Who's next?

Not all of these guys will wind up being fantasy factors in '08. But I'd bet at least one or two will.

Anthony Alridge, RB, Broncos: This spot would've been reserved for rookie Ryan Torain out of Arizona State, he broke his elbow and is out for at least two or three months. Alridge is an undrafted free agent who's made a positive enough impression that he's currently third on the depth chart, and we all know that in Mike Shanahan's world, anything can happen

David Clowney, WR, Jets: Hey, did you hear some guy named Brett Favre is a Jet now? And that he likes to go downfield just a little bit? The third-receiver job in New York is up for grabs, and the winner of that gig has the potential to be a touchdown maker.

Will Franklin, WR, Chiefs: He's 6-foot-2, 205 pounds, and runs a 4.39, so I can definitely see him supplanting the underwhelming Devard Darling opposite Dwayne Bowe.. If Herm Edwards has suddenly found an offense, Franklin might be a part of it.

Roy Hall, WR, Colts: Marvin Harrison is healthy. The Colts say it, so it must be true, right? But what if he goes down again? Sure, Anthony Gonzalez would be the primary beneficiary, but who becomes the third receiver? Hall is 6-foot-3, 240 pounds, and runs a 4.35. That makes him David Boston (before Boston got fat), but bigger and faster.

Tim Hightower, RB, Cardinals: When the Cardinals waived Marcel Shipp, Hightower, a rookie from Richmond, gained some street cred. He's 6-foot-1, 225 pounds, and coming off a 1,900-yard senior season. He's not fast or shifty, but he's powerful, and I'm betting he's the Cardinals' goal-line back.

Jason Hill, WR, 49ers: Mike Martz breeds fantasy stars. Who knew Mike Furrey's name before he got thrown into the Martz mix? Or Shaun McDonald's? Hill's got 4.32 speed and spectacular hands. He's injury-prone, but frankly, Hill reminds me of a slightly bigger version of the young Isaac Bruce.

Jalen Parmele, RB, Dolphins: A rookie out of Toledo who's 6 feet tall and 221 pounds, he was a punishing rusher in college and clocks in at a respectable 4.53. Consider the two men he's currently behind on the Miami depth chart: Ronnie Brown is coming off ACL surgery and you can insert your own Ricky Williams "doobage" joke here.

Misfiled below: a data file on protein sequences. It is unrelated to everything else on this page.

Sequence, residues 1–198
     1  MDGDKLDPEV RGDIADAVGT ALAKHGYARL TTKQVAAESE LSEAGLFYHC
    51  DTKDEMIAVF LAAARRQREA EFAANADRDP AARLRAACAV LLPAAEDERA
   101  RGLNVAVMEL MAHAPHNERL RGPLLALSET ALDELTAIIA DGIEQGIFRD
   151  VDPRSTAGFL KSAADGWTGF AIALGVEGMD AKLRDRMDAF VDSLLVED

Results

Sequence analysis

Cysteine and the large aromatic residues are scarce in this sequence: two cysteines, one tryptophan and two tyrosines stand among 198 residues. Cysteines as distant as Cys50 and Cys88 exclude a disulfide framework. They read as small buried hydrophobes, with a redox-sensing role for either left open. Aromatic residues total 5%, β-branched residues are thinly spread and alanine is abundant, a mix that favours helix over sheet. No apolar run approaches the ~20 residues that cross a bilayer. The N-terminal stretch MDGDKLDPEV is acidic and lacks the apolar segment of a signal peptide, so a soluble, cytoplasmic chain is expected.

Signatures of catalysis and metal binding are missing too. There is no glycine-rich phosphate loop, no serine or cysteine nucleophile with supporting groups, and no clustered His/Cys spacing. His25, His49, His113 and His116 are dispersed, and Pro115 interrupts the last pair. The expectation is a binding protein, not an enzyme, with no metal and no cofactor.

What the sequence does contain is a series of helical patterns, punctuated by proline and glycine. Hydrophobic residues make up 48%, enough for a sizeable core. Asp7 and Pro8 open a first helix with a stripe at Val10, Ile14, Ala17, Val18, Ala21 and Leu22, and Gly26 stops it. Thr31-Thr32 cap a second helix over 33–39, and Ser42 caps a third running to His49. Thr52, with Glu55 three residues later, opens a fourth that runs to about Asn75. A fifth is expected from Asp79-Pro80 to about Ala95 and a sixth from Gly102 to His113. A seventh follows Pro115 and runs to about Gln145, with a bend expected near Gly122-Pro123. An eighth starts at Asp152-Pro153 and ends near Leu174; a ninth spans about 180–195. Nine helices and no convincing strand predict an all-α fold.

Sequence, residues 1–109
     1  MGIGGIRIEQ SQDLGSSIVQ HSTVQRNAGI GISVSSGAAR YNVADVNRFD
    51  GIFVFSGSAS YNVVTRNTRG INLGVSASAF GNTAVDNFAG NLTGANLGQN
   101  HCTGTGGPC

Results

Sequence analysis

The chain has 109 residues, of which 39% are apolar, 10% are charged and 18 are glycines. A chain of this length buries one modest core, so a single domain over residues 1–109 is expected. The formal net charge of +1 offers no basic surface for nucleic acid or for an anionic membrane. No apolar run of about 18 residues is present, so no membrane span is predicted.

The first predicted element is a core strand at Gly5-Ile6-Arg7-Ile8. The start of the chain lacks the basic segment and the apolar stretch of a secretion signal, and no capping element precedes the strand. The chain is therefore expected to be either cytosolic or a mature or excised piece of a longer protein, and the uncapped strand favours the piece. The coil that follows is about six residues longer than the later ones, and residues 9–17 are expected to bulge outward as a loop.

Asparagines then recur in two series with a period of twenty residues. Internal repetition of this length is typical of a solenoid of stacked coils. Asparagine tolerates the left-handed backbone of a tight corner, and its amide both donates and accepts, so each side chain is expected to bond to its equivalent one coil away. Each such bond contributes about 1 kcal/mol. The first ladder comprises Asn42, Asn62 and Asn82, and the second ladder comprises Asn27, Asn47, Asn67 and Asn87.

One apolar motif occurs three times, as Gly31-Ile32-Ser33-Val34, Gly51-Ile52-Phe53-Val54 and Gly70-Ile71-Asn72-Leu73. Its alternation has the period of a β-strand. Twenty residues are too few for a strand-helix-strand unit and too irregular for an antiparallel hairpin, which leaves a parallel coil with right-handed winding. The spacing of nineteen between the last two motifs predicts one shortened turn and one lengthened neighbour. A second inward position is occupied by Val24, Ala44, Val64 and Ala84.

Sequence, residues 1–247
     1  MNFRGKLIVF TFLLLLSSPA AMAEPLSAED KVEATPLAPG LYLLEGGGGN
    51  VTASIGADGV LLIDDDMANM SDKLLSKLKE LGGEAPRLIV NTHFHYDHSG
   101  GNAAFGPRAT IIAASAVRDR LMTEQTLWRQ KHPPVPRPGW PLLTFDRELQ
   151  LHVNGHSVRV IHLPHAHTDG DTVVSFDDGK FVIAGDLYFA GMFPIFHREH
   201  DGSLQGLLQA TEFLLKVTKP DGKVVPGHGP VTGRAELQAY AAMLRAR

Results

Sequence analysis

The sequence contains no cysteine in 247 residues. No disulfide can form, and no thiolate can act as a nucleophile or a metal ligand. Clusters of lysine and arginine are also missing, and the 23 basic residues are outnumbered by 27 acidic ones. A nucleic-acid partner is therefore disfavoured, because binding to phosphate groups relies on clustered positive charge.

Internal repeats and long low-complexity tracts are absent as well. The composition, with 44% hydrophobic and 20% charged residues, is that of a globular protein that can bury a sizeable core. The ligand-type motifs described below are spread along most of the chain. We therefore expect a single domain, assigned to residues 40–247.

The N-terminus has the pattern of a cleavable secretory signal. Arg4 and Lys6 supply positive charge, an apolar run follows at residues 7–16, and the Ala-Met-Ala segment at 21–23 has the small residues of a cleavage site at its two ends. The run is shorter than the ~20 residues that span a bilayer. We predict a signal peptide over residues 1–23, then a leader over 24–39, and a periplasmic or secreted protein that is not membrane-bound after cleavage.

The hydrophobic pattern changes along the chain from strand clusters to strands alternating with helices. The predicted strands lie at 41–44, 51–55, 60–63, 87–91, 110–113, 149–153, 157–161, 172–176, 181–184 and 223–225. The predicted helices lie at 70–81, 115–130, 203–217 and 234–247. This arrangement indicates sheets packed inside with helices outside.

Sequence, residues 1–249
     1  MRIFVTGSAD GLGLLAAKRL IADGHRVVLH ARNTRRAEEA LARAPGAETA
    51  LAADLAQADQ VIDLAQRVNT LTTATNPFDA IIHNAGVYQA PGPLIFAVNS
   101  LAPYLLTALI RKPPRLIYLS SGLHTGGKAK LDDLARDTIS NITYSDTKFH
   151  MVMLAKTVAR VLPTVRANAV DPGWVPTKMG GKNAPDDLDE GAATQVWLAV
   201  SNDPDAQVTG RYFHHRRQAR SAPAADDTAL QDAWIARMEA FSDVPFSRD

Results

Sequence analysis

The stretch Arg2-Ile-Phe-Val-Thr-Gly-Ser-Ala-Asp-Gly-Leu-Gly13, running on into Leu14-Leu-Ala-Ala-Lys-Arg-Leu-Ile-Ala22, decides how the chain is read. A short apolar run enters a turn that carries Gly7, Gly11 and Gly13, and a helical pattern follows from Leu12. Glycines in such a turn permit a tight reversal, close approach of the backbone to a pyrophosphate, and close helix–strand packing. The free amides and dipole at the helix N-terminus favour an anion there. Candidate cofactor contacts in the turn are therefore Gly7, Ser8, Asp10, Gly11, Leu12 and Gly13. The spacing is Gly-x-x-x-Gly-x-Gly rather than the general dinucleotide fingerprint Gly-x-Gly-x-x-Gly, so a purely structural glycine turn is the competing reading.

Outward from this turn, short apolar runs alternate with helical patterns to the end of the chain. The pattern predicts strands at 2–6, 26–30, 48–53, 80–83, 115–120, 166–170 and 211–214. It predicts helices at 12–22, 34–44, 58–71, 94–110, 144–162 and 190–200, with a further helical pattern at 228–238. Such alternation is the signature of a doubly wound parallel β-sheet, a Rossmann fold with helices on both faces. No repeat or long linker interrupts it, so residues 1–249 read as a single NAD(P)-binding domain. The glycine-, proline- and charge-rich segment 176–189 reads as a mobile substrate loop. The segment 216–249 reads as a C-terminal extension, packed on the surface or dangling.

Antonio Pittman, RB, Rams: Steven Jackson is still holding out. He'll probably be in there by Week 1, but Pittman seems the likely starter if Jackson stays away. Cut by the Saints after last year's draft, he was solid as a backup for St. Louis last year, is a very good pass catcher and has nice elusiveness. The presence of fellow sophomore Brian Leonard would complicate things, but I'd prefer Pittman.

Marcus Thomas, RB, Chargers: Thomas, who was a fifth-rounder this spring out of UTEP, is a relatively big, very powerful runner with the kind of nice pass-catching hands the Chargers like. He's not fast enough to turn the corner, but then, neither is Jacob Hester. Alas, at the moment, LaDainian Tomlinson simply doesn't have a traditional handcuff any longer, but watch both Hester and Thomas.

Mike Walker, WR, Jaguars: Walker isn't huge and he isn't lightning, but he's a pretty good combination of size and speed: 6-foot-2, 209 pounds with a 4.45 40. Considering that Reggie Williams has already undergone knee surgery during training camp (he's expected back near the season's start), Jerry Porter will miss all of camp because of hamstring surgery, and Matt Jones has a cocaine-related trial date, Walker could step forward.

Christopher Harris is a fantasy baseball, football and racing analyst for He is a six-time Fantasy Sports Writers Association award winner across all three of those sports. You can read the complete "10 players you've never heard of" for free on